Transport Minister Fikile Mbalula says all road users must be cautious during the holiday season peak travel period after almost 700 people perished on the roads in the first 20 days of this month. File Picture: Netcare 911
Transport Minister Fikile Mbalula says all road users must be cautious during the holiday season peak travel period after almost 700 people perished on the roads in the first 20 days of this month. File Picture: Netcare 911

Mbalula admits he’s far from reaching target of reducing road deaths by 20% this festive

By Chulumanco Mahamba Time of article published Dec 23, 2020

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Johannesburg - Transport Minister Fikile Mbalula has urged all road users to exercise extreme caution during the holiday season peak travel period after almost 700 people perished on the roads in the first 20 days of this month.

At the beginning of the month, Mbalula said that the Department of Transport was aiming to achieve a 20% target to reduce fatalities this festive season as part of the Arrive Alive 365-days, 24/7 campaign.

“Road safety is a collective responsibility. Government, civil society and road users must all play their part to preserve human life on the road. Targets are meaningless if we do not bring to bear our collective effort to make our roads safer,” he said.

South Africa is currently in a peaktravel period with traffic volumes spiking from yesterday until tomorrow and again on December 31.

The final spike is expected on January 3 and January 10 as many people will be making their way back to major cities, ahead of the reopening of industries and schools.

On December 9, two people died in a fire resulting from a collision between a truck and two light motor vehicles on the N1, near the Allandale off-ramp, in Midrand.

ER24 spokesperson Ross Campbell said the drivers of both the light motor vehicles were badly burnt in the incident and declared dead on the scene by ER24 and another private service.

The driver of the truck, a man in his 40s, managed to escape with minor injuries. He was treated and transported to a hospital in the area. Both north and southbound lanes were closed to traffic at one point during the incident.

Mbalula and Road Traffic Management Corporation (RTMC) chief executive, advocate Makhosini Msibi, released the 2020 Festive Season Preliminary Road Fatality Statistics where it was revealed that South African roads were busy during the first peak period between December 18 and 19, despite the prevalence of the Covid-19 pandemic.

Mbalula announced that about 109 529 motorists were issued with traffic fines for various offences and about 2 415 vehicles were discontinued, while another 1 801 vehicles were impounded.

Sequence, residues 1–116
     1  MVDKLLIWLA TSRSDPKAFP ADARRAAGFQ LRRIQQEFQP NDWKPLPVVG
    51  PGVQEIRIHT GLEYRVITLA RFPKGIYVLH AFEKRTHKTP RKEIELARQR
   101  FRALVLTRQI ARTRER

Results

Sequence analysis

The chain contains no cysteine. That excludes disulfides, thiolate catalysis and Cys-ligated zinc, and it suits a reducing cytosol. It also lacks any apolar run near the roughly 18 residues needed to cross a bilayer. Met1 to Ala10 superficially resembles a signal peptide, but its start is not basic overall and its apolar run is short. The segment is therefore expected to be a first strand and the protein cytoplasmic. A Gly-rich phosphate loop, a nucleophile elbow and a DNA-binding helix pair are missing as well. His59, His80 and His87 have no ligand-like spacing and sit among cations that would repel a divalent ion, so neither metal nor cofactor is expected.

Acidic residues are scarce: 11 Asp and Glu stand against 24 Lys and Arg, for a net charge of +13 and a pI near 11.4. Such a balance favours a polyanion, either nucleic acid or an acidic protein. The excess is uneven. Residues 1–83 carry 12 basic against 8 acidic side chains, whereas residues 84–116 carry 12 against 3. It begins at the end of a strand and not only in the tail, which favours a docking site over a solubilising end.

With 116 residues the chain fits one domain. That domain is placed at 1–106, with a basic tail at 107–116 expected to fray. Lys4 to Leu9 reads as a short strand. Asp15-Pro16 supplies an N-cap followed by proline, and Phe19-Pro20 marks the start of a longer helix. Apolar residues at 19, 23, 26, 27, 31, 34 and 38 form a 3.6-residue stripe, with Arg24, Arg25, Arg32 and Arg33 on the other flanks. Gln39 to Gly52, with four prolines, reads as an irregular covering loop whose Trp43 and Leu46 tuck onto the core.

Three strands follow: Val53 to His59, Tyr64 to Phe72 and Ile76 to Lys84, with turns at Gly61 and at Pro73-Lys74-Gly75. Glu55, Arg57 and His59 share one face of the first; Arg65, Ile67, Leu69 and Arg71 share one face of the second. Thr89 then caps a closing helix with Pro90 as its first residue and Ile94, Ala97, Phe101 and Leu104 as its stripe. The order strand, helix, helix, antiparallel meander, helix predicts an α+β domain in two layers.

A total of 2 111 motorists were arrested for various offences with 896 held for drunken driving, 336 for speeding and 588 warrants of arrests for outstanding traffic fines were served.

Mbalula said the highest speedster was caught travelling at 242km/h on the N1, near Ventersburg, in the Free State.

“Saving life and limb on the road starts with each one of us. Speaking up and calling out our friends and relatives, when they conduct themselves in an irresponsible manner on the road, is the start of an effective behavioural change,” he said.

From December 1 to 20, about 690 people lost their lives on the country’s roads, which represented a 5.7% decline compared with 732 over the same period last year.

“One life lost on our roads, is one life too many. Equally, the total number of crashes has declined by 8% compared to the same period last year,” Mbalula said.

He added that these fatalities that could have been avoided, further amplified the pain of those whose loved ones have succumbed to Covid-19 while other relatives perished on our roads.

Overall, there were six provinces that recorded a decline in fatalities compared with last year.

Northern Cape recorded a decline of 23.5% with 13 fatalities compared to 17 last year, Western Cape recorded a decline of 26.6% with 69 fatalities compared to 94 in 2019, Free State recorded a decline of 28.8% with 47 fatalities compared to 66 in 2019, Gauteng recorded an 18.7% decline with 122 fatalities compared to 150 in 2019, North West recorded a 5.8% decline with 49 fatalities compared to 52 in 2019 and KwaZulu-Natal recorded a 3% decline with 131 fatalities compared to 135 in 2019.

The Eastern Cape recorded a 21.5% increase with 96 fatalities compared to 79 last year, Limpopo recorded an 18.4% increase with 90 fatalities compared to 76 in 2019 and Mpumalanga recorded a 15.9% increase, with 73 fatalities compared to 63 last year.

“While it is encouraging to see a decline in fatalities to date, we are still a long way from achieving the 20% target we have set for ourselves this year.

“I urge all road users to exercise extreme caution as we enter the second phase of our peak travel period,” the minister said.

The Star

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